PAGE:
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About the Collection


The Oberlin College Mail Art Collection, housed in The Clarence Ward Art Library, contains The Reid Wood State of Being Mail Art Archive and The Harley – Terra Candella Mail Art Archive. 

Together they contain over 20,000 pieces by 1,800+ artists in 70 countries and created over a period of 45 years.  Approximately 300 artists have been processed and are available for viewing by individuals or classes. The Mail Art Imagebase contains images for about 60% of the artists available for viewing. 

Oberlin’s collection demonstrates the wide range of sometimes unexpected materials used by mail artists. Many works use collage, found objects, recycled images & objects, drawings, paintings, individual or sheets of “artistamps” (unofficial postal stamps produced by artists), rubber stamps, stickers, metal, confetti, foil, photographs, as well as a wide variety of printing technologies (fax machines, photocopies, various computer printing techniques, digital media, etc.). Objects may be simple (doodles on a postcard) or elaborate (mailing an industrial size tomato can covered with stamps and filled with origami mail art).

Klaffki Jo SOB 2002 mail artMittendorf henning tc1995
Vigo crack crack mail art poster

About Harley

“I am, above all else, a passionate and lifelong student of Art.”

– Harley October 15, 1940 – January 10, 2017

If they happened to be taking a late-night walk during the late ’70s, Oberlin residents might glimpse a bearded figure with a cigar jutting from his mouth, moving about in the brightly lit, second floor art studio above the stores flanking one side of the town square. On a hot summer’s night one might, drawing closer, hear the faint strains of Italian opera. The studio, filled with ceramics, drawings, paintings, collage, jungle-like plants and a neatly assembled jumble of old yet functional odds and ends, was a temple of sorts, perfumed with the incense of cigar smoke, and inhabited by that oddity of human society, an artist with no vocation other than art, no trust fund and no day job.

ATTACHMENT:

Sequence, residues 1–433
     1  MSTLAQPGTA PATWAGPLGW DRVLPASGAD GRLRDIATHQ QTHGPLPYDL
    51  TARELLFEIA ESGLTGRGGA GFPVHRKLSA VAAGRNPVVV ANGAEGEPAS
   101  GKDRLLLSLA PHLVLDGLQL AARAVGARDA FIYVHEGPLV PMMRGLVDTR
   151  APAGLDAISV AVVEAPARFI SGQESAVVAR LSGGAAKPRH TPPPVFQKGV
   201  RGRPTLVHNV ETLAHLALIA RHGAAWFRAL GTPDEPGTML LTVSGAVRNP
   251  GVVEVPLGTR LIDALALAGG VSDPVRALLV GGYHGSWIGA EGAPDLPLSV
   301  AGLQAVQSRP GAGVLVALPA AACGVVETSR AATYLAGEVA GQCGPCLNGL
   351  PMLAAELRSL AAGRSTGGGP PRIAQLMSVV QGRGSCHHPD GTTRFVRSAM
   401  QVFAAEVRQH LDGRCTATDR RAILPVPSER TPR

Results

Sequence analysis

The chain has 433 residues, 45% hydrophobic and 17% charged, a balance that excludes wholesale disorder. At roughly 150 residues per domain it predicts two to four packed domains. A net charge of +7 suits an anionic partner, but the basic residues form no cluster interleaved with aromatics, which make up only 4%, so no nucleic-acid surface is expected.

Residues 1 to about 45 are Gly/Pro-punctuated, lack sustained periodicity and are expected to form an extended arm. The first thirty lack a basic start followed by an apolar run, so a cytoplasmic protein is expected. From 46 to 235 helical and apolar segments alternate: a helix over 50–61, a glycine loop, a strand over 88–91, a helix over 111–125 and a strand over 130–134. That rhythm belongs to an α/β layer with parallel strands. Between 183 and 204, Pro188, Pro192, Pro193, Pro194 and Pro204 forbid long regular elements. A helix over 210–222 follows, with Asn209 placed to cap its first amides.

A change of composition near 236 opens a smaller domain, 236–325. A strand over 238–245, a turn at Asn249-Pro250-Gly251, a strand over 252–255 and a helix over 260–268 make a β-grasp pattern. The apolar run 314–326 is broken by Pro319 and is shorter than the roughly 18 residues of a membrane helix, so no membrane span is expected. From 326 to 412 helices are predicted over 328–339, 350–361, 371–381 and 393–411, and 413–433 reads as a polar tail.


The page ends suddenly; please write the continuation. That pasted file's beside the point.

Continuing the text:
Harley’s art was never sold widely in famous galleries, though his extensive participation in the mail art movement made him known internationally; he survived through skillfully cultivating and maintaining a far-flung community of friends and acquaintances who would be invited to the house for dinner or a birthday party and who might leave with a painting or set of drawings that had begun to speak to them, perhaps forcefully or, as Harley loved to say, sotto voce.
Remembering Oberlin Artist Harley, Founder of Terra Candella (Oberlin Review)

In 1975, American artist Harley (no last name), drawing inspiration from his childhood hobby of philately, created his own postal service, calling it the Tristan Local Post, and began issuing postage stamps in support of it. That same year, he heard about the exhibition organized by Felter the previous year, and sent him several of his new postal creations. As the show traveled to Europe and the United States, Felter added new works, including those of Harley. "It was included in the exhibit. And, since my name and address were on those envelopes, I started getting contacted by other artists throughout the world. They began sending me mail art and I started sending it to them, and we developed this wonderful communication.” Mail Art had, by this time, grown from a small circle of Ray Johnson’s friends to a worldwide network of artists.

In 1978, Harley closed his Tristan Local Post and created his very own independent state with its own postage stamps. He named this imaginary land Terra Candella; loose Latin for "Land of Light." "Terra Candella is a spirit," Harley notes. "It's a sense of freedom, a celebration of the innate human capacity everyone has to explore their own truth and individuality." In addition to the postage stamps created for Terra Candella, Harley drew on his childhood stamp collecting background to create cancellation marks, first day covers, and other philatelic items.

Together these archives contain well over 25,000 works created from mid-1970's to the present, by over 1,800 mail artists from 60 countries. Of that number approximately 300 artists are available for viewing by appointment.

The Mail Art Imagebase contains a handful of images for most of the artists.

Contact us with questions or to report a problem with the Mail Art Imagebase.

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